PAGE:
Almost. The Third is the most inclusive of Brian’s orchestral symphonies in its intricacy of texture and (ambivalent) range of expression. Drawing four such diverse movements into a cohesive whole is no easy task, but Pope succeeds more completely than does Lionel Friend (Hyperion) and probes more fully than Adrian Leaper (Naxos) the disquieting obliquities of the Seventeenth. The playing of the New Philharmonia and Royal Philharmonic orchestras is testament to the skill of British players in tackling such complex music on limited rehearsal.

Is it recommended?

Yes. Heritage has done a fine job in opening-up the 1970s sound (the BBC’s notoriously dry Maida Vale studio) and John Pickard contributes his usual insightful notes. The 1974 account of Brian’s choral Fourth Symphony would be an ideal next candidate for such rehabilitation.



You can discover more about this release at the Heritage website, and you can read more about Havergal Brian here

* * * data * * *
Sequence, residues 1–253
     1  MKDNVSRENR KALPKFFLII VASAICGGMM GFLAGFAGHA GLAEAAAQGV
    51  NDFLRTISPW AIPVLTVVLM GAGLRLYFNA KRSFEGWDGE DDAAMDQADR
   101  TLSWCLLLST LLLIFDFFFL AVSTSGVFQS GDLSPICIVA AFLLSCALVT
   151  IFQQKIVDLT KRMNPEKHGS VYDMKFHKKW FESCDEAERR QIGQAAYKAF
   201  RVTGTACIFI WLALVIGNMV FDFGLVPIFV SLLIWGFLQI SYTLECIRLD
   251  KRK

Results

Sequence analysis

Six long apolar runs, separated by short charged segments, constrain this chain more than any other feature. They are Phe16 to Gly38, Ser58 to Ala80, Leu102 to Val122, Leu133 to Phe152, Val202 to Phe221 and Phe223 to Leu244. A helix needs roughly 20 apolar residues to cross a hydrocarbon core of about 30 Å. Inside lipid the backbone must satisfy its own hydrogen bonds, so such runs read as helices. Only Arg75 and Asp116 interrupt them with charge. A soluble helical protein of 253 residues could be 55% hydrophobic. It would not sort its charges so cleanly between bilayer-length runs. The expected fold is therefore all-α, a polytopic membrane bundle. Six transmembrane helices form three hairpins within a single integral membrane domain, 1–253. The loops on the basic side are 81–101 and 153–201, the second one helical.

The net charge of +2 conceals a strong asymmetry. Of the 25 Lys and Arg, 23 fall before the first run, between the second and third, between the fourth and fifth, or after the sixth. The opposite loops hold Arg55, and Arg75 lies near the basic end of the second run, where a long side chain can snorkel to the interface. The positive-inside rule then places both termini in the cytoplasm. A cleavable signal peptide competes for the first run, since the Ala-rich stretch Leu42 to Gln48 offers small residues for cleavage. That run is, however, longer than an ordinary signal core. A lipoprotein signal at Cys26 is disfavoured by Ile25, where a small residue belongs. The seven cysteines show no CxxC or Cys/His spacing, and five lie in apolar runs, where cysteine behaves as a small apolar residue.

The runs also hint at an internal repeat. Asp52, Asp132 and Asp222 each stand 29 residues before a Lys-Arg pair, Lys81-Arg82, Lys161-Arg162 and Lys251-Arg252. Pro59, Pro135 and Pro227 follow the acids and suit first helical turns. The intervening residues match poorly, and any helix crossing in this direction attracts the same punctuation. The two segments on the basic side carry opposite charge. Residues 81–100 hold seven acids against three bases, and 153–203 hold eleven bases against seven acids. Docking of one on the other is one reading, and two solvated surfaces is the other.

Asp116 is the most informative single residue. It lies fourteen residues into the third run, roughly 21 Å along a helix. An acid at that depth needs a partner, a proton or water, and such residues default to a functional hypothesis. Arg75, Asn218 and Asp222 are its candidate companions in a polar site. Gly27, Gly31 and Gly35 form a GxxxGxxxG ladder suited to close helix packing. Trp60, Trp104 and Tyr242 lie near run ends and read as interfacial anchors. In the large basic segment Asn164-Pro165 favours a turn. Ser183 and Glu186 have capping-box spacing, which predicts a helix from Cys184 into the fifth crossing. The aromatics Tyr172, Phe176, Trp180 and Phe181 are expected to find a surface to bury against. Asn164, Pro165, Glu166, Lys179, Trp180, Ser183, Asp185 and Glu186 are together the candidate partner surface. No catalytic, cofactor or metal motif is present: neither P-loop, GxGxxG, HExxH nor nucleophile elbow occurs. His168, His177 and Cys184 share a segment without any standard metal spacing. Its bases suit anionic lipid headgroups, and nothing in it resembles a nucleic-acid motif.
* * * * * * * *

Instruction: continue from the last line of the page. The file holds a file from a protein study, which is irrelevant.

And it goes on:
On record: New Philharmonia Orchestra / Sir Charles Groves – Havergal Brian: In Memoriam & Gothic Symphony Part 1 (Heritage Records)

New Philharmonia Orchestra / Sir Charles Groves

In Memoriam (1910)
Symphony no.1 in D minor, The Gothic (1919-27) – Part One

Heritage Records HTGCD172 [59’31”]
Producer Robert Simpson

Recorded 10 October 1976 in live performances at Royal Albert Hall, London, UK. Released by arrangement with BBC Studios, with funding from the Havergal Brian Society

Reviewed by Richard Whitehouse

What’s the story?

The Heritage label renews its archival coverage of Havergal Brian with this disc of works given at the last concert of those centenary events in 1976, including what is still the only professional account of Part One from the Gothic Symphony heard separately, as sanctioned by the composer.